The film brought $19 million into the studio coffers, and made Lanza a sensation across the country.  He received a $100,000 bonus which was twice his agreement with the studio.  With this and returns from his concert tour, radio shows and recordings, Lanza  grossed over $1 million in 1951, it was the year he made the cover of "Time" magazine.

But difficulties and heartaches eventually drove both singers to another country.  Caruso came to the United States, Lanza fled to Italy.

It was in 1901, the year of his greatest success at La Scala, when Caruso suffered his cruelest blow.  The audience he most wanted to please, in his native Naples, hissed and booed him openly.  He was stunned.  "I will never come to Naples to sing again," he vowed.

Lanza went to Italy to escape his constant squabbles in Hollywood.  MGM fired the tenor in 1954 when he walked off the set of "The Student Prince."  "I hate their sickly, sentimental scripts," said an overweight, temperamental Lanza.  "I'll go to Europe before I will debase my voice."
Caruso sang in public for the last time in Hal Levy's "La Juive" at the Metropolitan on Christmas Eve, 1920.  It was just 38 days before Mario Lanza was born. 

And 38 years later, Lanza died of a sudden heart attack.  Just one month before he was to film "Laugh, Clown, Laugh," and while preparing for his Rome Opera debut in "Pagliacci."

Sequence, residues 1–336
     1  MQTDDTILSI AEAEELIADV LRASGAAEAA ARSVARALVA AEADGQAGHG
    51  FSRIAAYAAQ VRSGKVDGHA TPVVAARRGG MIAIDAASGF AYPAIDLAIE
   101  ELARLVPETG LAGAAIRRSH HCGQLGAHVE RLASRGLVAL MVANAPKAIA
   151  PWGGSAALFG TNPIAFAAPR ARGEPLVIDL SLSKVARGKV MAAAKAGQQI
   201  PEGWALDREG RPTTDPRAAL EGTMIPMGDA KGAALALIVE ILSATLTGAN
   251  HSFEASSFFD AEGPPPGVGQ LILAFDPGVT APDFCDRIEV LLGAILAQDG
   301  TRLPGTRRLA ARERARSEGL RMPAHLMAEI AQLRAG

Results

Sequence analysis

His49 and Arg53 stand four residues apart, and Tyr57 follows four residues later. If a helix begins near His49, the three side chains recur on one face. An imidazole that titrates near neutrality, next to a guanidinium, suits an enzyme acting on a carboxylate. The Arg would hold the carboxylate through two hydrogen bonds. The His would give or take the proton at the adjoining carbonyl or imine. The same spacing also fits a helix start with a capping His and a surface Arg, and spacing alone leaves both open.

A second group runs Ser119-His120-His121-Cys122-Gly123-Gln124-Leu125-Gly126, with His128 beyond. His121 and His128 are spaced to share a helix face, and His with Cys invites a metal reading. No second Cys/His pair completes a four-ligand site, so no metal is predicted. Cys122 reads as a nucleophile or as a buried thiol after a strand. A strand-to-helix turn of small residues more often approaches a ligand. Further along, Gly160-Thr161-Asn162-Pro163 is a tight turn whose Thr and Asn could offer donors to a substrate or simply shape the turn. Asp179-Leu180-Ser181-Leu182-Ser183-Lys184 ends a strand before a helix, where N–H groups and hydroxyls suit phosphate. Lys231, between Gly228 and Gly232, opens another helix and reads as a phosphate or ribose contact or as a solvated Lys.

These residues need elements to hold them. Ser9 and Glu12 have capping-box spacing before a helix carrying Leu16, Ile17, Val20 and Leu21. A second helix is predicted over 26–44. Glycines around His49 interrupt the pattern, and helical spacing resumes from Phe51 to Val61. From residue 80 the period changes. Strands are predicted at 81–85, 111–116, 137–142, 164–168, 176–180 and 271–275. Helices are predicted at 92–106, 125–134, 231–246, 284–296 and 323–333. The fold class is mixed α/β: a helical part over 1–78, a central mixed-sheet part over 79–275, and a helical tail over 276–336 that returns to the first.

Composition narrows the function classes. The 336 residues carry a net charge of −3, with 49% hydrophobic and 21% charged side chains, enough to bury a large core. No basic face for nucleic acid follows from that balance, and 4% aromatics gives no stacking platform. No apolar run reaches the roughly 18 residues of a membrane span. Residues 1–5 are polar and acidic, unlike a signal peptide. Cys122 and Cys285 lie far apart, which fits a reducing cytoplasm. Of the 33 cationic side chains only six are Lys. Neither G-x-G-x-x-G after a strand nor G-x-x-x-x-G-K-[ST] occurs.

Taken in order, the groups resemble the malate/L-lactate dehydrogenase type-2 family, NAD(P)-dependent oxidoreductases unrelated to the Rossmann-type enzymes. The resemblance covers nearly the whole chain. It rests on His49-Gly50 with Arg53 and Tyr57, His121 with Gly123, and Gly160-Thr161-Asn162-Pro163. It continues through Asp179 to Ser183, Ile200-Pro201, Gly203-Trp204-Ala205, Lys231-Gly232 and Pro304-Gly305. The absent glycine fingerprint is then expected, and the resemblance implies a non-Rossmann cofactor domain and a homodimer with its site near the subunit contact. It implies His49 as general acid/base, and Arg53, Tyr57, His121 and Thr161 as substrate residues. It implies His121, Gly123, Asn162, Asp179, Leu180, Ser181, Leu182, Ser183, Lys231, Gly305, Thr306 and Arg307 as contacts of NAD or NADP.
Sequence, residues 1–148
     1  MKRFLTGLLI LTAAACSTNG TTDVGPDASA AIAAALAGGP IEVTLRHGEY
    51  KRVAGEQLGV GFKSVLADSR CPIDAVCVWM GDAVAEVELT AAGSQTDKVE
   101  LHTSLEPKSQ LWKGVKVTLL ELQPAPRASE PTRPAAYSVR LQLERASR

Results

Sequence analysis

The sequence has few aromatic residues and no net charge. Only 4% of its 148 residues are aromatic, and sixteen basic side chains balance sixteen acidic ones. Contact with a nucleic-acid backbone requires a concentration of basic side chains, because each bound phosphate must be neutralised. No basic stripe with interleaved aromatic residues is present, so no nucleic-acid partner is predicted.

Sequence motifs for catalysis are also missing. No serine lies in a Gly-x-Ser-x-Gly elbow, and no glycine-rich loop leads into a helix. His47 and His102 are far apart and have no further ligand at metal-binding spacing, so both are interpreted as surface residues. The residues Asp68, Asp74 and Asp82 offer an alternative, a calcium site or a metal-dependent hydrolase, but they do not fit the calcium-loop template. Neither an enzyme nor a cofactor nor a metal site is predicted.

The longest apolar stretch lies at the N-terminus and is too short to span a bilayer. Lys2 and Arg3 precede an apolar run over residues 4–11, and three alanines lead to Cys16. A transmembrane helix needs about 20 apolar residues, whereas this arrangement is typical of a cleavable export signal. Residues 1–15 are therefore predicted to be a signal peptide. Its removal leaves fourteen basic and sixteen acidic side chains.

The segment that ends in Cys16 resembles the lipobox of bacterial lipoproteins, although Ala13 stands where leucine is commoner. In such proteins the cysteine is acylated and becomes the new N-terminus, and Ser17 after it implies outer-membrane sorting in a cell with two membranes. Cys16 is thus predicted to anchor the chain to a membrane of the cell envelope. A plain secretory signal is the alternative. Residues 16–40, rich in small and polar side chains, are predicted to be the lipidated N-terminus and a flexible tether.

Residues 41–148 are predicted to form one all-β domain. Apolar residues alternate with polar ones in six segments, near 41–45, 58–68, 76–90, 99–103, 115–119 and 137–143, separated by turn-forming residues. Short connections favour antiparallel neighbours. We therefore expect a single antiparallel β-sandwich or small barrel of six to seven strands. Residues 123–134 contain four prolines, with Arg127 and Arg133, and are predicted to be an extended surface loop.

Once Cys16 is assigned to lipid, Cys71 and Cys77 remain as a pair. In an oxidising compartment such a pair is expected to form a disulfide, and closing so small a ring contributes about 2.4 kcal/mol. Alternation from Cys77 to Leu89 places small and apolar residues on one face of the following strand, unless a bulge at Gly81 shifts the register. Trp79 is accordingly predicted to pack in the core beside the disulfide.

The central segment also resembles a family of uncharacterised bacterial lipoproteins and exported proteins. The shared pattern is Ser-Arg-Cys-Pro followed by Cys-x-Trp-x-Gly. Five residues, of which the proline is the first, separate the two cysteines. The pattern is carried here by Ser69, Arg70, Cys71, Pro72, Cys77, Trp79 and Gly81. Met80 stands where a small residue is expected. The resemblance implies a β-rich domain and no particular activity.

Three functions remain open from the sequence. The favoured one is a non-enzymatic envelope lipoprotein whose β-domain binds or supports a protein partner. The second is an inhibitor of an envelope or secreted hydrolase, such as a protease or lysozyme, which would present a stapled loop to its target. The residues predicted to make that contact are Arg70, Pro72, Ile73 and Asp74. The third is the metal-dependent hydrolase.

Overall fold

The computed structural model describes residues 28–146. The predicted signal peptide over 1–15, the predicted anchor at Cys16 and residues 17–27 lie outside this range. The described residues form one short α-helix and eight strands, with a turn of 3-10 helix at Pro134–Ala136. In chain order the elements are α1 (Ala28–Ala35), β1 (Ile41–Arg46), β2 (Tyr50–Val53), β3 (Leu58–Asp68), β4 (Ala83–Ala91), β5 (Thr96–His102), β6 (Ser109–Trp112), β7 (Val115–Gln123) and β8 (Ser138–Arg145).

Both deaths shocked and stunned the world.  Thousands wept openly in Naples, lining the streets to view the horse-drawn carriage with the body of Caruso in 1921.  And in 1959, the horse-drawn carriage with the body of Lanza reenacted the scene in Rome.  Coincidence followed them even in death.  Caruso had just recorded "Addio, Napoli," and Lanza his "Arrividerci Roma."

Ironically, their final resting places are in the cities they disliked:  Caruso in Naples, Lanza in Hollywood.

Joe Curreri Is A Nationwide Freelance Writer Who Also Was The Publicity Director Of The Mario Lanza Institute And Museum For 35 Years.  Joe's Column Will Also Appear On The Golden Music Memories Of Yesteryear Website In The Mario Lanza Article Section. 

We Thank Joe Curreri For This Great Article.